Prior to joining Let’s Talk Science as a full-time staff member in 2008, Isabel studied electrical engineering. She conducted research on cryptography and data compression and worked on control systems in an industrial setting. Isabel decided to pursue engineering as a direct result of an early experience with a science outreach program, which is part of the reason she is so passionate about the impact that Let’s Talk Science Outreach can have on children and youth.
Chris Kitzan, Director General of the Canada Aviation and Space Museum, Chris Kitzan has a wealth of policy and program experience in the Public Service, including most recently as Chief of Staff at Library and Archives Canada. The majority of his career, however, has been spent developing programs, exhibitions and publications for cultural organizations such as the Canadian Museum of Civilization (now the Canadian Museum of History) and the Diefenbaker Canada Centre.
Larissa Beach, Consultant and Co-founder of Neptec Design Group
As VP Space Systems & International Business Development (retired) she was responsible for expanding Neptec products globally. Through her active participation on its executive team and board of directors, she helped build Neptec into an award-winning company doing business world-wide and helped develop the successful commercialization strategy to spin off Neptec’s space technology into terrestrial markets.
As Program Manager for the NASA Space Vision System and OBSS Laser Camera System, she won NASA’s Space Flight Awareness and GEM Awards and led Neptec to win NASA’s George M. Low Award and Group Achievement awards.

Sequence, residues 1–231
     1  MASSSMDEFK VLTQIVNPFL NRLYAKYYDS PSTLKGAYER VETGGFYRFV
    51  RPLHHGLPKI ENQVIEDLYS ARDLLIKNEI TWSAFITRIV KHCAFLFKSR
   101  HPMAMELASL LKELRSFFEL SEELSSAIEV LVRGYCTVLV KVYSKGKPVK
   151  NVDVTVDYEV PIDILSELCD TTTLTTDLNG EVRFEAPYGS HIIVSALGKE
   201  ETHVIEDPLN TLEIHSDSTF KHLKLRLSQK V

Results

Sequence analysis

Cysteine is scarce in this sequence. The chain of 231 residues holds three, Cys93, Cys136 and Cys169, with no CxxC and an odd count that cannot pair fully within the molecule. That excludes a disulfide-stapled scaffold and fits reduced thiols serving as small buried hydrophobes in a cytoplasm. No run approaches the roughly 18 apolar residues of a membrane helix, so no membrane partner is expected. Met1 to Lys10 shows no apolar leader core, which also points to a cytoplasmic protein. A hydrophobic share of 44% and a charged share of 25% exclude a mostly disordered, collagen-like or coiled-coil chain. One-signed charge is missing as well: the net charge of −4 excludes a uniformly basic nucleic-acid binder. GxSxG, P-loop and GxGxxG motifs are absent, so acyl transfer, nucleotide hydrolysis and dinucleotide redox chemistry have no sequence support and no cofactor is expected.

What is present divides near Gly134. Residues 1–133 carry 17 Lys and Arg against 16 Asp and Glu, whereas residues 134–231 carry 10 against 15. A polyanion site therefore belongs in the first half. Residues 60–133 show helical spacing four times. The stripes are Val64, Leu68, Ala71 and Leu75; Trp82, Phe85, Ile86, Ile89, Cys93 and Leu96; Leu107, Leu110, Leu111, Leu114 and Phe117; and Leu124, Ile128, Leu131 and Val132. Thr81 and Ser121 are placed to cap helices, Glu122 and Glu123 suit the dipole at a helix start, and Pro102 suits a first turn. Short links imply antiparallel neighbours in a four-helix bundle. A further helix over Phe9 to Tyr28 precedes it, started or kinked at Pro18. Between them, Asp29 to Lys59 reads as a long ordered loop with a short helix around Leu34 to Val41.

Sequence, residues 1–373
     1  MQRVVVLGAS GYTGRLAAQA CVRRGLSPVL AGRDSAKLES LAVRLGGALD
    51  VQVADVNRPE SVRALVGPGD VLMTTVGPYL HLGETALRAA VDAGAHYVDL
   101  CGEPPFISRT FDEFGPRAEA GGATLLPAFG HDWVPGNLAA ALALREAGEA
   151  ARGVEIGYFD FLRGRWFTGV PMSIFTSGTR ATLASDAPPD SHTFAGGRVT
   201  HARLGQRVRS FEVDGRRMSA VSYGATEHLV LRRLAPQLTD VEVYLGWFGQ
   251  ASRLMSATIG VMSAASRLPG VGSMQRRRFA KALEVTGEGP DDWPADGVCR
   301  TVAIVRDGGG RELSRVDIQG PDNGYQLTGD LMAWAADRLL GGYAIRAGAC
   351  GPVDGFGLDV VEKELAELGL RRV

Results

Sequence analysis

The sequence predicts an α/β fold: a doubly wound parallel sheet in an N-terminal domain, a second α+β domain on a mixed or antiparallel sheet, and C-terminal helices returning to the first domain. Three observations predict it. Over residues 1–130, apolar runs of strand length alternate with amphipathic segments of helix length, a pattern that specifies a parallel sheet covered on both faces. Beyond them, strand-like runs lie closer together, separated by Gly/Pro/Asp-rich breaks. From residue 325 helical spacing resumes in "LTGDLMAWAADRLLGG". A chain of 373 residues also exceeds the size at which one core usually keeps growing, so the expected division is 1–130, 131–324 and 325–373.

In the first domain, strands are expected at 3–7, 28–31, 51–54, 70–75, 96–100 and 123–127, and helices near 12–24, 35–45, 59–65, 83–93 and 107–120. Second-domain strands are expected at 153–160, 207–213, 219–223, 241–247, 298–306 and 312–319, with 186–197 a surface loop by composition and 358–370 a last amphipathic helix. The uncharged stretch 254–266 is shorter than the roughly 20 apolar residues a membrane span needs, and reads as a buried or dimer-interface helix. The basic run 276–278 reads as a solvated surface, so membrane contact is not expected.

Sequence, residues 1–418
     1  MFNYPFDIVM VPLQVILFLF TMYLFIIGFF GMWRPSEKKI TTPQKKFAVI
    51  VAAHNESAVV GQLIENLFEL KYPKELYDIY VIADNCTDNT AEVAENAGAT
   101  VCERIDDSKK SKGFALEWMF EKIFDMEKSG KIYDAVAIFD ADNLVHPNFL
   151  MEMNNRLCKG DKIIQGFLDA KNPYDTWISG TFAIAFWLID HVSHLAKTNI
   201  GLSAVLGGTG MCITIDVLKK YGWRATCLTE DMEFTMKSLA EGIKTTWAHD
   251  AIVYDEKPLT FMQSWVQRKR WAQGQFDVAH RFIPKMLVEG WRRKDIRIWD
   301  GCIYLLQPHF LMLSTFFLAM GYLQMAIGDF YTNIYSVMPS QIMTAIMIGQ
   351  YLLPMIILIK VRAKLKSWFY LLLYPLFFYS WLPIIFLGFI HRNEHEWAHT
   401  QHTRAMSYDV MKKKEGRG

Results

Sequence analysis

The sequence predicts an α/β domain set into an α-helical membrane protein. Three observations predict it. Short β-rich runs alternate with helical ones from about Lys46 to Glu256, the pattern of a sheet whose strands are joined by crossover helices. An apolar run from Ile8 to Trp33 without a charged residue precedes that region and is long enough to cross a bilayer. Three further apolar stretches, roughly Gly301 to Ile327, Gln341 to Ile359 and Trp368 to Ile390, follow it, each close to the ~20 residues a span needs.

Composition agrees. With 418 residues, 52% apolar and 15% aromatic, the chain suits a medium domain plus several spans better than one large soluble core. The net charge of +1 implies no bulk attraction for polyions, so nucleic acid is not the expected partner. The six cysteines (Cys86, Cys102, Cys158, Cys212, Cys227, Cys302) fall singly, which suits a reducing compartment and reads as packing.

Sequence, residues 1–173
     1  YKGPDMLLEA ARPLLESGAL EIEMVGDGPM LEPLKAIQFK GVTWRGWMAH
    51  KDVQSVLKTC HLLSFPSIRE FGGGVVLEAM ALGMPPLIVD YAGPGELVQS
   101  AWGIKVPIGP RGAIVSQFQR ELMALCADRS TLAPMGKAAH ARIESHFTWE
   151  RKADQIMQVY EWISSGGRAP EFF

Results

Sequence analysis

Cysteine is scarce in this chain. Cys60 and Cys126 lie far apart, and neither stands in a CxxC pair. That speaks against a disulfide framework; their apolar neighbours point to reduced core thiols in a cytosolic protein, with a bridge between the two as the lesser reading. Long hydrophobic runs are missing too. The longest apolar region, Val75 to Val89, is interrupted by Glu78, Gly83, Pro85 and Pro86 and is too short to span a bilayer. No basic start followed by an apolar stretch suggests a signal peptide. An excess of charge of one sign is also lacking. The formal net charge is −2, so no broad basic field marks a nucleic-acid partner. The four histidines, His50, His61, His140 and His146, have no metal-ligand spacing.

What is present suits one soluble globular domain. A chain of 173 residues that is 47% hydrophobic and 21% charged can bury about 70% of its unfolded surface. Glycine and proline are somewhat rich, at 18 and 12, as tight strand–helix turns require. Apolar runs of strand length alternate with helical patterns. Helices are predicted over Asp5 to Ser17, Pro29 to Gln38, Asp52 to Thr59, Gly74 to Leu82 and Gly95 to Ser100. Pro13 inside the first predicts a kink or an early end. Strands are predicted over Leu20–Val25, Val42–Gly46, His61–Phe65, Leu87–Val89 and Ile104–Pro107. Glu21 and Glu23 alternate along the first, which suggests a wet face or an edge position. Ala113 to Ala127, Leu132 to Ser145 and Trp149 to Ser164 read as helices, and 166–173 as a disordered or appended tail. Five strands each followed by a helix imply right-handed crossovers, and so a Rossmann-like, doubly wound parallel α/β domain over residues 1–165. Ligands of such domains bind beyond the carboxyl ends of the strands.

Previously, at SPAR and Leigh Instruments, her defense projects included Tactical Navigation System (TACAN) and Deployable Flight Incident Recorder (DFIRS)
Taryn Tomlinson, Senior Engineer, Chief of Staff, Canadian Space Agency
Taryn Tomlinson has always had a passion for the cosmos, and technology that enables space exploration. She has a Bachelor’s Degree in Electrical Engineering from McGill University and a Master’s Degree in Space Science from the University of California, San Diego.
Ms.Tomlinson has spent her career in various tech companies in California and Germany. She contributed to the European Space Agency’s Columbus module, and co-founded a space startup in 2003. She arrived at the CSA in 2008 and has been involved on various robotics-related projects for the International Space Station, including the Canadarm2 and Dextre.
In her current role working as the Chief of Staff at the Canadian Space Agency, Ms.Tomlinson’s favourite files include developing Canadian companies and technology for the future of space exploration, as well as initiatives to encourage our youth to choose STEM fields.
Andrej Litvinjenko, Canadian Space Commerce Association, Vice President, Public Policy and Global Affairs